The U.S. government should be given credit for doing the right thing--announcing the termination of the large American military presence in Saudi Arabia. But the move is long overdue and was made easier politically by an equally dangerous U.S. invasion and military occupation of Iraq.
The Bush administration is using the cover of its victory in Iraq to belatedly remove a substantial threat to the stability of the Saudi regime and a major lightning rod for anti-American terrorist attacks by fundamentalist Islamic groups. Even Deputy Secretary of Defense Paul Wolfowitz has admitted that the U.S. military presence in the Saudi kingdom was putting Americans in the crosshairs of the terrorists.
That late coming revelation has been obvious to anyone who read the writings of Osama bin Laden since the early 1990's. Bin Laden became enraged at the United States mostly by a U.S. military presence that he believed desecrated the holiest sites of Islam and supported a corrupt Saudi monarchy. (U.S. support for Israel and sanctions against Iraq were only secondary gripes added to gain wider support for his cause in the Arabic and Islamic worlds). In contrast to the allegations of President Bush, the September 11 attacks were not caused by the terrorists' hate of American democracy (nor by hostility toward American culture or prosperity). Yet even with plenty of warning--bin Laden's attacks on two American embassies and Africa and on the U.S.S. Cole--the U.S. government did not eliminate its unneeded military presence from Saudi Arabia.
The ease with which the U.S. military recently demolished the already devastated post-Gulf War I Iraqi military indicates that the threat U.S. forces were defending against in Saudi Arabia was hollow. (Even after Saddam Hussein's invasion of Kuwait in 1990, when the Iraqi military was much stronger, economists from across the political spectrum argued that there was no need to use military force to ensure the continued flow of Persian Gulf oil.) Furthermore, even if weapons of mass destruction are eventually found in Iraq, Saddam Hussein's restraint from using them--despite the most dire threat possible to his regime--indicates that his threat to Saudi Arabia, the Persian Gulf, and the Middle East was overblown by an administration bent on an extended war on terrorism merely "for show."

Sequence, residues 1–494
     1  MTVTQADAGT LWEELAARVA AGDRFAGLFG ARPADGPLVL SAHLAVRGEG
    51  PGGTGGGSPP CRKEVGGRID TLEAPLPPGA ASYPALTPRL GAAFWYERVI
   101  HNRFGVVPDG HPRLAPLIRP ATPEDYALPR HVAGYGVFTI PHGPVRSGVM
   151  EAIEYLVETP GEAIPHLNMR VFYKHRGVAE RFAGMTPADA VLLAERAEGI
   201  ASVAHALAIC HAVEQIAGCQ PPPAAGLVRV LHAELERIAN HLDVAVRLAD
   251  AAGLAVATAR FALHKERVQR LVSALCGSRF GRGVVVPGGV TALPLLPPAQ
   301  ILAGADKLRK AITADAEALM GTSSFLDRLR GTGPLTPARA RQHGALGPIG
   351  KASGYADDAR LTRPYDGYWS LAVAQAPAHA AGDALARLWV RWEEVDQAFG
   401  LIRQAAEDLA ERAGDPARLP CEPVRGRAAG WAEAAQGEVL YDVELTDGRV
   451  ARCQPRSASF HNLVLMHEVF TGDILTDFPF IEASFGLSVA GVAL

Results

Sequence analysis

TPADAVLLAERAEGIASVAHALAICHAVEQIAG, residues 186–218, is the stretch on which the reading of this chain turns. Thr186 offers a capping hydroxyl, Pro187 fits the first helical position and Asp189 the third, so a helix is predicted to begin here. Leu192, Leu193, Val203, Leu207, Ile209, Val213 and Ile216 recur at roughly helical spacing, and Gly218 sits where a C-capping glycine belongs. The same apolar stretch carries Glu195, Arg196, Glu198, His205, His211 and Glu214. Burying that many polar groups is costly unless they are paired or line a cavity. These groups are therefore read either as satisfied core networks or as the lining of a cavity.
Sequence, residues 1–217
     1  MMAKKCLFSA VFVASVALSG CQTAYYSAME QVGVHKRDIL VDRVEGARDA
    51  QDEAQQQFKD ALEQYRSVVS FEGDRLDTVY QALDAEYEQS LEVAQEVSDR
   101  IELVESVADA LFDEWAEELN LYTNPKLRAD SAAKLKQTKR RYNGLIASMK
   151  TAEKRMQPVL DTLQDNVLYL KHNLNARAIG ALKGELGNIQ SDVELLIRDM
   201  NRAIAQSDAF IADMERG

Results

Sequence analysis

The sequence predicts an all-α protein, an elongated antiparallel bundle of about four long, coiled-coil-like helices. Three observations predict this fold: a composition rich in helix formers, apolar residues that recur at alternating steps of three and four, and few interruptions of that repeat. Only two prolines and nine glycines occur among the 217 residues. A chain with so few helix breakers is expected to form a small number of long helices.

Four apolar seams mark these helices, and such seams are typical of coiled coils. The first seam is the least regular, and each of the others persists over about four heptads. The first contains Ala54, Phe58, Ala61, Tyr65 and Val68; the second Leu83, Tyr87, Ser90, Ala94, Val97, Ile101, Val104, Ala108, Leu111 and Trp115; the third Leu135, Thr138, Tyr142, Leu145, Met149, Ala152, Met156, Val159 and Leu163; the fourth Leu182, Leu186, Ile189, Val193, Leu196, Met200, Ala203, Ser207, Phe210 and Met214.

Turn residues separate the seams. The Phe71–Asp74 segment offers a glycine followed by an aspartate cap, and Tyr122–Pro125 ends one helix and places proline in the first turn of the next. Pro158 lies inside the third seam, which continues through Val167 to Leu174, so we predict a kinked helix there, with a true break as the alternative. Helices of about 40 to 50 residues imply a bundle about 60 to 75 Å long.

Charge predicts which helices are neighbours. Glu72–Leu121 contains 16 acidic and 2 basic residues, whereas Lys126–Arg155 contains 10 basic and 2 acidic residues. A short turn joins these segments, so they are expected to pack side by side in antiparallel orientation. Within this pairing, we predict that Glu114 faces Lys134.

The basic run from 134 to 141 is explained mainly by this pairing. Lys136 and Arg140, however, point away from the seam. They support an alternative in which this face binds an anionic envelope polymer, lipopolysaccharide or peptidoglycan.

But, ironically, an invasion and occupation of Iraq in the name of fighting terrorism will probably cause an increase in anti-American terrorist attacks from fundamentalist Islamic sources. The Bush administration has merely replaced a military presence in one nation that is home to Islamic holy places with the armed occupation of another. Iraq also has holy sites and is the cradle and academic and spiritual center of Shiite Islam. The administration should remember that the "infidel" Soviet occupation of the Islamic nation of Afghanistan during the 1980's drew fanatic Islamic fighters from around the world in opposition. During Gulf War II, signs arose that the holy sites in Iraq might spur a similar response there as the U.S. occupation drags on. And after recent U.S. conflicts in Afghanistan and Iraq, the administration also has the problem that the Islamic world perceives the American war on terrorism as a jihad against the faith.
So although a U.S. withdrawal from Saudi Arabia should be commended, trading a military presence in one nation with Islamic holy sites for another is unlikely to insulate the United States from anti-American attacks of terror. Therefore, in the wake of its victory in Iraq, the Bush administration should astutely withdraw U.S. forces from Iraq soon and allow the international community to keep the peace, help reconstruct the Iraqi economy, and smooth the transition to democracy. Only then can anti-American terrorism--the real threat facing the United States today--be reduced.
Ivan Eland is Senior Fellow and Director of the Center on Peace & Liberty at The Independent Institute in Oakland, California, and author of the book, Putting "Defense" Back into U.S. Defense Policy: Rethinking U.S. Security in the Post-Cold War World.
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